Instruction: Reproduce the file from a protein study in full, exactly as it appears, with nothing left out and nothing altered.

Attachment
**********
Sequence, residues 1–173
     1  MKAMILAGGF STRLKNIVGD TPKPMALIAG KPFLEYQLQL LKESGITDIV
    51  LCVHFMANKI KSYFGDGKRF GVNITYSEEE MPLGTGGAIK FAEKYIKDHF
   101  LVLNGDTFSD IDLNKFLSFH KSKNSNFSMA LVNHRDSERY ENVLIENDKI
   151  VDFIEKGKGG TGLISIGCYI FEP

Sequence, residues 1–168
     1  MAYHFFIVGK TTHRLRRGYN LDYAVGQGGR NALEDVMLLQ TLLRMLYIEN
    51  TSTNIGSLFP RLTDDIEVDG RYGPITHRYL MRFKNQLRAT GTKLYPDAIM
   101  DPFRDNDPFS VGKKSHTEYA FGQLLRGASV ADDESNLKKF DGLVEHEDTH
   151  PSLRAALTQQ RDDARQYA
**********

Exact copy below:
Sequence, residues 1–173
     1  MKAMILAGGF STRLKNIVGD TPKPMALIAG KPFLEYQLQL LKESGITDIV
    51  LCVHFMANKI KSYFGDGKRF GVNITYSEEE MPLGTGGAIK FAEKYIKDHF
   101  LVLNGDTFSD IDLNKFLSFH KSKNSNFSMA LVNHRDSERY ENVLIENDKI
   151  VDFIEKGKGG TGLISIGCYI FEP

Sequence, residues 1–168
     1  MAYHFFIVGK TTHRLRRGYN LDYAVGQGGR NALEDVMLLQ TLLRMLYIEN
    51  TSTNIGSLFP RLTDDIEVDG RYGPITHRYL MRFKNQLRAT GTKLYPDAIM
   101  DPFRDNDPFS VGKKSHTEYA FGQLLRGASV ADDESNLKKF DGLVEHEDTH
   151  PSLRAALTQQ RDDARQYA